Life in Lancashire Wave 10

New Search

Purpose Assessing the priorities for developing Lancashire's economy and how these should be encouraged. Finding how residents find out about economic development activity in the county and the role of Lancashire County Council in those activities.

Prioritising the main factors for improving the local area for residents in the county.

Gauging the level of concern that panel members have with the current environmental factors in Lancashire and which are the most important to improve. Understanding the number of activities undertaken by panel members to protect the environment. Gaining insight into how residents find out about environmental issues and their future information needs.
Subject Communications
Quality of life
Economy and regeneration
The environment
Commissioned by Corporate Research and Intelligence Team, Policy Unit
Geographic area All of Lancashire
Method Questionnaire - postal
Consultation with Life in Lancashire panel
Date 07/11/2003 - 05/12/2003
Undertaken by Corporate Research and Intelligence Team, Policy Unit


Number in sample 2930
Number of responses 1608
Response rate 54%
Key findings Encouraging more jobs is the most important economic priority and third most important for life in general. Manufacturing and transport and communications are considered the key economic sectors to grow. Stable jobs for employees, good future prospects for employees and training and development are considered most important to create the right kind of employment opportunities in Lancashire. the most popular ways to improve the economy for business are the opening of new transport links and the opening of new business parks. Lancashire County Council is seen as the most important organisation for improving Lancashire's economy.

The protection and improvement of the environment is residents' joint most important general local issue, as important as the reduction of crime. The greatest environmental concern for Lancashire residents is the level of traffic congestion and pollution. The single most important environmental issue is to reduce greenfield building closely followed by reducing vehicle pollution. Three out of four people say they recycle cans, bottles, paper or plastic regularly, and three in five people say the amount recycled has got better in the last five years.
Outcomes Recycling and waste

Household waste recycling is the joint responsibility of the 12 district councils, two unitary authorities and Lancashire County Council, who have statutory targets for household waste recycling and are all part of the Lancashire Waste Partnership (LWP).

We are currently ahead of the targets set by the Household Waste Strategy, achieving just over 20% last year and we are well on the way to get over 25% for this year. The LWP area has just under 600,000 households. Of these, 500,000 have paper waste collection and 277,000 have green waste collection.

Substantial government funding is now being made available in Lancashire for the introduction of a variety of recycling schemes. Doorstep recycling schemes in Lancashire will be extended. By 2005 we aim to have three-stream collection, which is green waste, dry recyclables (paper, cans, bottles etc) and residual waste, in 90% of households. Last year 28% of households in Lancashire had three-stream collections, from 0% in 2001.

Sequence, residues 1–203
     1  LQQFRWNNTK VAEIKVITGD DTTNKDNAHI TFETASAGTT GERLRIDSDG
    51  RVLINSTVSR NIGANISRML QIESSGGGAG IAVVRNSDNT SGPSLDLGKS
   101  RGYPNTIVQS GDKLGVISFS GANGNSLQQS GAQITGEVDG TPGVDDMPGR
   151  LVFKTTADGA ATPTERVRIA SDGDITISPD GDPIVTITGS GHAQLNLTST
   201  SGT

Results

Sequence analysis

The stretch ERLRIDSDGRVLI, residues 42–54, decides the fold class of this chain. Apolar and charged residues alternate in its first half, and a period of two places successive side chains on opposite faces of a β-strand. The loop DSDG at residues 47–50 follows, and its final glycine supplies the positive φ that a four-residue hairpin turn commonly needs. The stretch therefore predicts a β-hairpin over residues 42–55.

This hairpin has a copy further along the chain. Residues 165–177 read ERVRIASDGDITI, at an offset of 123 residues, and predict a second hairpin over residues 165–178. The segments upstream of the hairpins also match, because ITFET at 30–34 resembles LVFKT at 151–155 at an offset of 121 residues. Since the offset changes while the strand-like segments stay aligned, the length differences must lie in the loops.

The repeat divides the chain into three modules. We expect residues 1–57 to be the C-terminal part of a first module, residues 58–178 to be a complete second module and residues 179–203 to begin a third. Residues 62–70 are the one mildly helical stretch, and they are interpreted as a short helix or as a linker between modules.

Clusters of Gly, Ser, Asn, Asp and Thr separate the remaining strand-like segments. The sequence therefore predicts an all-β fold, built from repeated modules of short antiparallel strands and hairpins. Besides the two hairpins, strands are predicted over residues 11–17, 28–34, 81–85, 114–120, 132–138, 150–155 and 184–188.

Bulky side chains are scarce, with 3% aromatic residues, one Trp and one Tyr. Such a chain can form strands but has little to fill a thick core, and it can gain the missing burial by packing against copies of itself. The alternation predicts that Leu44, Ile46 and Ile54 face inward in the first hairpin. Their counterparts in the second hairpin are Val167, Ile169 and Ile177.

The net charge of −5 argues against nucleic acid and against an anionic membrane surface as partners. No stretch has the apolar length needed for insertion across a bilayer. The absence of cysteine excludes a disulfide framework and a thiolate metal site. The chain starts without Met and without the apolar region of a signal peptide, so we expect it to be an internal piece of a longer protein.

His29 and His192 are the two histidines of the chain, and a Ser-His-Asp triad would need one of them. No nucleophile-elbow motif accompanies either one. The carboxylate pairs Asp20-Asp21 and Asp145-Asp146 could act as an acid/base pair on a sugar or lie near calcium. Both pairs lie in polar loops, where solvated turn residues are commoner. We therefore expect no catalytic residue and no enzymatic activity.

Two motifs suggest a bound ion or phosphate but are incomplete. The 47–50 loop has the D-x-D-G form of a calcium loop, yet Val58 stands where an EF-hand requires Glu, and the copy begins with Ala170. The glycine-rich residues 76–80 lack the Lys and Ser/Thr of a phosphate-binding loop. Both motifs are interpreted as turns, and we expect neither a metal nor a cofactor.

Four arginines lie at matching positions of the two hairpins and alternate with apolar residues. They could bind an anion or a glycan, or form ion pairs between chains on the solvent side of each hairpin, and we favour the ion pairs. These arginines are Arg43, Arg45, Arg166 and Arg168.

As well as doorstep collections, all 23 household waste centres across Lancashire have compost and plastic bottle collection facilities. All waste collected for recycling is recycled. There have been some problems with contamination of green waste because of households not sorting their waste properly. These problems should disappear when the countywide Waste Communication Strategy takes effect and people get used to sorting their waste.

It is the council's policy to recycle as much as possible. We are currently creating an Environmental Management Strategy to cover our activities. The findings are helping us to set internal targets in areas such as waste reduction and vehicle use. In a step towards this we now use 100% recycled paper wherever it is technologically possible.

There is a Joint Lancashire Structure Plan being developed that places severe restrictions on greenfield housing developments. The priorities are to re-use or convert existing buildings and use previously developed land.

Targets of the present draft plan are that over 70% of new dwellings in Lancashire will be built on brownfield sites between 2001 and 2016; and 75% of new housing will be located in principal urban areas and main towns.

The economy

Over the next three years Lancashire County Council will invest eight million pounds to support the development of wealth and jobs in the county. Lancashire County Development Ltd (LCDL) is the wholly owned development arm of the County Council. It is tasked with delivering economic benefits for Lancashire businesses and people both directly and through partnership working. It does this by:

* using the company's property and resources to add value to economic regeneration projects across the county;
* supporting Lancashire County Council's flagship economic and social initiatives;
* working with partners to provide services to Lancashire people and businesses;
* supporting disadvantaged people by providing training and other services to help people get jobs and keep them; and
* providing consultancy and training services to local businesses.

The County Council will be considering how these services can be developed over the next three years, using your views to help target our efforts. We are particularly keen to encourage business growth across Lancashire by providing more business premises and financial help.

Project document(s)


Marked up questionnaire(s)

Contact information

For more information about this research contact:

Melissa Sherliker
01772 535019


Related information

Life in Lancashire members' website: